We can pray in a number of ways and for many different things, but the important thing is to keep our line of communication open with our heavenly Father. The words we use don’t have to be perfect as long as they are sincere and humble. And we should be able to pray without doubt, believing that our prayers will be heard and answered as long as we’re asking for things that are in accordance to His will: “And this is the confidence that we have in him, that, if we ask any thing according to his will, he heareth us” (1 John 5:14). Jesus said, “And all things, whatsoever ye shall ask in prayer, believing, ye shall receive” (Matthew 21:22). James 1:4-5 also talks about asking in faith.
It’s important to be persistent, too, as we’re reminded in Luke 18:1-8, and thankful as in 1 Thessalonians 5:18. Remember that Jehovah God is our loving Father, and He wants us to communicate our needs to Him so that He can help us. Although He knows our needs even before we ask Him (Matthew 6:8), prayer shows our recognition that we cannot get through this life very well without acknowledging Him and his Son, and requesting their guidance on a continual basis. Prayer is a very powerful means by which we can talk with our Maker at any time, wherever we might be, without even uttering a word out loud!
Whether we pray to begin or end our days, or entreat our Creator at different interludes throughout, there are a multitude of things an individual can ask for. Here are some examples.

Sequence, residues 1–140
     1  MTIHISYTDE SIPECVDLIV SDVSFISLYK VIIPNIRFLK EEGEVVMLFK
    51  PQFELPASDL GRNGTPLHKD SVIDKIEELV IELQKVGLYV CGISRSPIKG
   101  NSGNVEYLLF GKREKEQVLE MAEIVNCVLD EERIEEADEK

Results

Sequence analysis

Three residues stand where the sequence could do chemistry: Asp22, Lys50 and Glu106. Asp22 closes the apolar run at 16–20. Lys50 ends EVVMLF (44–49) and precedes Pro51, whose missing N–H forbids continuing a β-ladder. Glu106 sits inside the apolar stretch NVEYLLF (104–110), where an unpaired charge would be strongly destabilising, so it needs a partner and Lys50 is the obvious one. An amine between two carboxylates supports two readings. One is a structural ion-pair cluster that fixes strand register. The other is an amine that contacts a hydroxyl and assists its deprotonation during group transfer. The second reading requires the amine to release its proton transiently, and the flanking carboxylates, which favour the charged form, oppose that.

Many people are familiar with what is commonly referred to as the “Lord’s Prayer”, and even recite those words daily. If this is a prayer that you often use, do you stop to really think about what you are asking for? In Matthew 6:1-15, Jesus Christ explains much about prayer, giving his followers examples of things that one might pray for.
Jesus began this example by addressing and acknowledging Almighty God: “Our Father who is in heaven, hallowed (or holy) is your name”. This shows the great importance of knowing that our Maker does indeed dwell in heaven and that He has a name. Almighty God is a title, but his actual name is known as Jehovah (Yahweh).
In verse 10, Jesus instructs us to pray for His kingdom to come; asking for His will be done in earth as it is in heaven. Now this is really something to think about! The scriptures are clear that Jesus is referring to the kingdom of God, and it is certainly evident from the evil we witness on a daily basis that God’s will is not currently being done on earth. The change of rule will happen after Christ returns again and the kingdoms of this world are finally destroyed. (See Revelation 11:17.)
Matthew 6:11 says, “Give us this day our daily bread.” This could mean asking for our daily physical requirements for nourishment, and spiritual nourishment as well. We need that “food” to keep our faith strong and our feet on the right path.
Jesus went on to explain our need for forgiveness in Matthew 6:12, 14, and 15. Every one of us sins to some extent or another, so recognizing and acknowledging our faults and asking Jehovah’s pardon is very important. He also brings up another important point to consider: If we don’t forgive others, how can we expect God to forgive our own trespasses?